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$7 billion Slack is lagging on a key sexual harassment policy

Melody Hahm
Senior Writer

Recently, tech giants including Google and Facebook ended their policies of forced arbitration for employees’ claims of sexual harassment and assault. That practice keeps those claims out of regular courts and within the power of employers.

But one tech company that has been at the forefront of elevating women has been notably indecisive about ending its own practice of forced arbitration. In an interview for “Breakouts” on Yahoo Finance, Slack co-founder and chief technology officer Cal Henderson confirmed that Slack has not changed its policy on forced arbitration. Slack is a workplace messaging app that’s currently valued at $7.1 billion.

“We’re still looking at our internal policies and how we want to evolve them, but we are very focused on making Slack a place where all people can thrive,” he said. “So we’re still looking at that.”

The issue of forced arbitration gained a national spotlight on November 1, when more than 20,000 Alphabet (GOOG, GOOGL) employees participated in walkouts around the world to protest how it handles sexual harassment and misconduct claims. A few days earlier, The New York Times published a damning report that Google paid the “father of Android” a $90 million exit package while he was accused of harassment.

One week after the walkout, CEO Sundar Pichai announced the company would no longer require arbitration for cases of sexual harassment and assault. Mandatory arbitration agreements don’t involve a judge or jury and often result in workers getting much less money in the chance they do win their cases.

The tech industry, in particular, has been scrutinized for normalizing this policy. But as employees push back against it, executives are forced to respond in kind. After Google decided to end the practice, Facebook (FB), Square (SQ), eBay (EBAY) and Airbnb followed suit. They join the likes of Microsoft (MSFT) and Uber, which stopped forced arbitrations over the last year. Salesforce (CRM), Twitter (TWTR), Amazon (AMZN) and Pinterest say they never had mandatory arbitration for such cases.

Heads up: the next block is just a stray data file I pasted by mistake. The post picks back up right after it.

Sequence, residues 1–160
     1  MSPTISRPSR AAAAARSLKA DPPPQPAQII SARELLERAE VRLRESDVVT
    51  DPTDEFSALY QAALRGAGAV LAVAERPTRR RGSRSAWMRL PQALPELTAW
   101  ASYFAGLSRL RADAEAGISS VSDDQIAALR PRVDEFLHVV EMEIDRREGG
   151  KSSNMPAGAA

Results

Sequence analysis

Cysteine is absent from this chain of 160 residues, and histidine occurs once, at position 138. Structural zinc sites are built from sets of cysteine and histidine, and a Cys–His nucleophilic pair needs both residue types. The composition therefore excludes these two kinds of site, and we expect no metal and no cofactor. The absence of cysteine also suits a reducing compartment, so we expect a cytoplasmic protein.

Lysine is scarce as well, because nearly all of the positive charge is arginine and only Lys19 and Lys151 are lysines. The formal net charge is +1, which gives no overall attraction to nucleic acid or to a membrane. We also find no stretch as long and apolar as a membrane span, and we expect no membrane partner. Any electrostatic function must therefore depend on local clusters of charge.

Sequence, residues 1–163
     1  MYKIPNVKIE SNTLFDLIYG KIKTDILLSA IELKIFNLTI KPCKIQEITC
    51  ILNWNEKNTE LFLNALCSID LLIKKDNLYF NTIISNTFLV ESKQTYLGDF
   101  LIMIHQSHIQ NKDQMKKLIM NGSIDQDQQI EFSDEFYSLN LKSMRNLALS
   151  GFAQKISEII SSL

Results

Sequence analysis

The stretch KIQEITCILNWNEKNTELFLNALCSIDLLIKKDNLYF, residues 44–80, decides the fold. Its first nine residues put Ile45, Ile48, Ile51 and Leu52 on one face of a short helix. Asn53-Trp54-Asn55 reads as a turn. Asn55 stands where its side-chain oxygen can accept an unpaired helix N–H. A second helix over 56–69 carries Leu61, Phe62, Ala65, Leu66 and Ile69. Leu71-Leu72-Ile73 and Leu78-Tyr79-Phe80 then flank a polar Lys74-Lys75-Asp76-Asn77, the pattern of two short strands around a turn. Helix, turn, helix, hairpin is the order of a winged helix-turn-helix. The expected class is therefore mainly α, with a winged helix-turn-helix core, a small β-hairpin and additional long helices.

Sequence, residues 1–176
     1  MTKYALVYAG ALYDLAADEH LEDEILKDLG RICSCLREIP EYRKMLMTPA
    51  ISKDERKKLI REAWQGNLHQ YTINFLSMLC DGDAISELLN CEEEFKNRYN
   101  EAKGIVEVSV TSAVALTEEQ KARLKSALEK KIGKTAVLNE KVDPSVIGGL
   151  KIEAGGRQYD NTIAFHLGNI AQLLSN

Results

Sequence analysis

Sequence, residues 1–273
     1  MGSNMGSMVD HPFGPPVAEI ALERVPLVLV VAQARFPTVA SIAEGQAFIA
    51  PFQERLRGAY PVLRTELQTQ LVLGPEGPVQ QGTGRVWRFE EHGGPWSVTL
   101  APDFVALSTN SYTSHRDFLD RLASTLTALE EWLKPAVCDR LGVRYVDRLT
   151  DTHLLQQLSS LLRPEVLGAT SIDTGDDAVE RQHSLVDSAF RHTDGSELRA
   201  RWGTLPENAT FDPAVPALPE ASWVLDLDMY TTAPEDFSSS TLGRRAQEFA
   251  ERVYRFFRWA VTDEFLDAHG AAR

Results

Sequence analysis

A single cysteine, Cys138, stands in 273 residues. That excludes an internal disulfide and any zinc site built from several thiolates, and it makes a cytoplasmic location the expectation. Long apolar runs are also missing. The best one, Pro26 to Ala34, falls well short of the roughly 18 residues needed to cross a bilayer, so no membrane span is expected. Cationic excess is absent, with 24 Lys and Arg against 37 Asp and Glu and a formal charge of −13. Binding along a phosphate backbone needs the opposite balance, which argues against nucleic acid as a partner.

How Slack stacks up

Slack is well-known for having prioritized diversity and inclusion from its inception. And the numbers speak volumes. Forty-five percent of Slack’s global workforce is comprised of women. Thirty-four percent of technical jobs and 31% of leadership are females.

Compare that with Google, Facebook and Microsoft, where women hold between 19% and 28% of leadership positions. Females hold between 19% and 20% of technical roles at those companies, according to The Atlantic, citing those company’s most recently released figures. For a company that places such an emphasis on empathy, Slack’s reluctance to make mandatory arbitration optional seems off-brand.

When asked about what he views as the drawbacks of arbitration, Henderson cited regulatory complexities and suggested the practice has benefits for employees. “[This kind of] arbitration exists to give employees an option to be able to choose an arbitrator rather than a random judge,” he said. “And that’s historically why companies have had arbitration.”

Despite Henderson’s assertion that arbitration exists to give employees more choice, mandatory arbitration has arguably served as a mechanism to silence workers and to prevent them from obtaining lucrative court settlements. When asked whether he understands that women would feel this way, Henderson did acknowledge “that seems to be the big downside to it.”

Still, Henderson says, “We’re a company that operates in a lot of states and it’s complex to change our regulations.”

Indeed, Slack operates in more than 100 countries and currently has over 1200 employees across 9 offices. While it certainly operates in multiple jurisdictions, Slack may not be able to use its multinational presence as an excuse for keeping forced arbitration. For example, Facebook CEO Mark Zuckerberg said the company will employ 10,000 people in Europe alone by the end of 2018, and it has ended forced arbitration.

Despite this recent trend among tech giants, forced arbitration remains a reality for many U.S. workers and has become a ubiquitous practice regardless of industry. According to data compiled by Vox, half of non-unionized workers at U.S. companies are subject to these agreements. That’s more than double the rate two decades ago.

But companies may not have a choice when it comes to forced arbitration, at least in some states. New York, Washington, Vermont and Maryland have made it illegal to force employees to sign mandatory arbitration clauses in their employment contracts, and more states may enact similar laws as the practice gains more scrutiny.

Melody Hahm is a senior writer at Yahoo Finance, covering entrepreneurship, technology and real estate. Follow her on Twitter @melodyhahm. She hosts Breakouts, a monthly interview series for Yahoo Finance featuring up-close and intimate conversations with today’s most innovative business leaders.

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